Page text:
My wife and I were recently on vacation from the United Kingdom in Augusta. After all the hype in the columns of your newspaper we were disappointed by our visit to Fort Discovery. While we applaud the concept, the execution leaves much to be desired.
For a start, it is unfortunate that the restaurant is not yet open. If visitors are going to do justice to the 250 exhibits they are going to need several hours at Fort Discovery; to have to leave and find sustenance at half time is, to say the least, inconvenient. The main problem, though, is at least half of the exhibits on the day we visited (May 12) were not functional. One might accept it if 10 percent of the complex exhibits were not functional at any one time, but 50 percent is surely unacceptable.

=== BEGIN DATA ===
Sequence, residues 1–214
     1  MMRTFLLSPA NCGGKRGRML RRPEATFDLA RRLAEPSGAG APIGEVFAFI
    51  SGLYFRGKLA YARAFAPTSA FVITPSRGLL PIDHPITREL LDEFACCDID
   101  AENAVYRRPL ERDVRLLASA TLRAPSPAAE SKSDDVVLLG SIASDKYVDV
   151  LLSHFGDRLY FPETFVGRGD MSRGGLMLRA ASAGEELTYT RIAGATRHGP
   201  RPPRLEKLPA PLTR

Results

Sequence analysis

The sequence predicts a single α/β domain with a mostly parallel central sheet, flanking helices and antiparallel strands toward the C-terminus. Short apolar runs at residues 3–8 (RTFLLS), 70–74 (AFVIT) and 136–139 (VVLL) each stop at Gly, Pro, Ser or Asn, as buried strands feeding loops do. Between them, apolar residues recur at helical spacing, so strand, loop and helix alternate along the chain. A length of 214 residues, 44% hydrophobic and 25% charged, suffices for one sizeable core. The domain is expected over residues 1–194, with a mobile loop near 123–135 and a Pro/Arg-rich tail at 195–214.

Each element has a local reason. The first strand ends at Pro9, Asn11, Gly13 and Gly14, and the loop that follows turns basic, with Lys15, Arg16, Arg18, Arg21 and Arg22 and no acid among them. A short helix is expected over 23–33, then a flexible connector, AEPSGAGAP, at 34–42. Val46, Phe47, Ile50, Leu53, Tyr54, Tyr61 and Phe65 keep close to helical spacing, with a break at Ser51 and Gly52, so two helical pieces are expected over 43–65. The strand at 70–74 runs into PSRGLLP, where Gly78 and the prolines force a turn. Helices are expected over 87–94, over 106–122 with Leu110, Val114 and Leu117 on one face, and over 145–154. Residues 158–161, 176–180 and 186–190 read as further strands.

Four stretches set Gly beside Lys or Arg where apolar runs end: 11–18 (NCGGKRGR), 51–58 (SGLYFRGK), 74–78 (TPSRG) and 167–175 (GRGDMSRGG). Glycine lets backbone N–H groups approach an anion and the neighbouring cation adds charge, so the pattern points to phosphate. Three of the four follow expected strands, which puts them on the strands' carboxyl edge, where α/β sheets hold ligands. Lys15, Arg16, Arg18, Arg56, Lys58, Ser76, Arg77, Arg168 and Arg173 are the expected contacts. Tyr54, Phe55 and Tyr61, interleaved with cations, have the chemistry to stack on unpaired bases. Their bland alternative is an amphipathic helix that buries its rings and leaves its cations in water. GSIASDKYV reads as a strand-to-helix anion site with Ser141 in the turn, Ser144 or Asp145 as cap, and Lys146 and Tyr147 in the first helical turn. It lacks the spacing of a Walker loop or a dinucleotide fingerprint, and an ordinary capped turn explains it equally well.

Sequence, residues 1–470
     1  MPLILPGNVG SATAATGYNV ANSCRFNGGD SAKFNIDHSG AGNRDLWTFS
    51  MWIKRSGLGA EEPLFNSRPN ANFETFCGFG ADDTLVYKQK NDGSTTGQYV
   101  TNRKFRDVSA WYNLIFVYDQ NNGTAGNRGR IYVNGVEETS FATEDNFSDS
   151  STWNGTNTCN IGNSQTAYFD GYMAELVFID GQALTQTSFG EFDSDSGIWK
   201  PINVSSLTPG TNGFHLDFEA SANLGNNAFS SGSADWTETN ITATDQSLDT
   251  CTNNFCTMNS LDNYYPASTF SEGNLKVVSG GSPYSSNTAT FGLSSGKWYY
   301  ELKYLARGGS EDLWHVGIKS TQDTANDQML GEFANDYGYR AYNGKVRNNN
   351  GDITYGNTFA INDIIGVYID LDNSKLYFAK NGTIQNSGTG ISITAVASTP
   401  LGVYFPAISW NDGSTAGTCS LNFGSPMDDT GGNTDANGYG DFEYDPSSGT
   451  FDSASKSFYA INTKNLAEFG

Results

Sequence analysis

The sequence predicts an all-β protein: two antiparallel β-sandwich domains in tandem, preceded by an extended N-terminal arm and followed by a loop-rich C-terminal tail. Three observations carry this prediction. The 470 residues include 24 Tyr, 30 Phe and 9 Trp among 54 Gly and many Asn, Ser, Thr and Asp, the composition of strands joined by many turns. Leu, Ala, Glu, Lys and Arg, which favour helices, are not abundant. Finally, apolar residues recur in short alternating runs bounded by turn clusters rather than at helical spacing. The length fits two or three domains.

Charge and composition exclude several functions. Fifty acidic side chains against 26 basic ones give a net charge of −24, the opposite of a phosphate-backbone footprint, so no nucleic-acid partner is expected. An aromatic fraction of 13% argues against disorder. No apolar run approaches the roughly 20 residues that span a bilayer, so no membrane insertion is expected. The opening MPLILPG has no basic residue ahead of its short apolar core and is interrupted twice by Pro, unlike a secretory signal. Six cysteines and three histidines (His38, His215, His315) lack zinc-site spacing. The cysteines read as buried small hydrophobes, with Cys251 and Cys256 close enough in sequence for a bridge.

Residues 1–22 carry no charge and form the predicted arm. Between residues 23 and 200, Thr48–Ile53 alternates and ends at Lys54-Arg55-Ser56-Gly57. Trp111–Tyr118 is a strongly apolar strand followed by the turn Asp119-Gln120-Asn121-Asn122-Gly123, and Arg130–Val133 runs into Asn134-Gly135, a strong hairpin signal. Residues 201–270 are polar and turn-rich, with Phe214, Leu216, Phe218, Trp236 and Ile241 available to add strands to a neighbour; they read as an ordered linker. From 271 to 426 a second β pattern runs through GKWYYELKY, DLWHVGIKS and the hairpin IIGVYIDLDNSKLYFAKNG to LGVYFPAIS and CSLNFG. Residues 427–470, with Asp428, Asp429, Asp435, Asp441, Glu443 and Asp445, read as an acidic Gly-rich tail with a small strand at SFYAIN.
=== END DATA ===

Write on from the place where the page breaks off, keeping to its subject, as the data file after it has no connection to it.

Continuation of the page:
At best, this is taking the public's money under false pretenses; at worst, this is going to have a counterproductive effect on the children who, it is hoped, may be enthused by such an introduction to science and technology.
One of the more obvious problems is that many of the exhibits are not childproof. What a pity, a great idea spoiled by its execution.
R.C. Armstrong, Tenterden, Kent
(Editor's note: Fort Discovery spokeswoman Phyllis Hendry says that, out of 250 interactive displays, only 15 weren't working properly. All are now repaired.)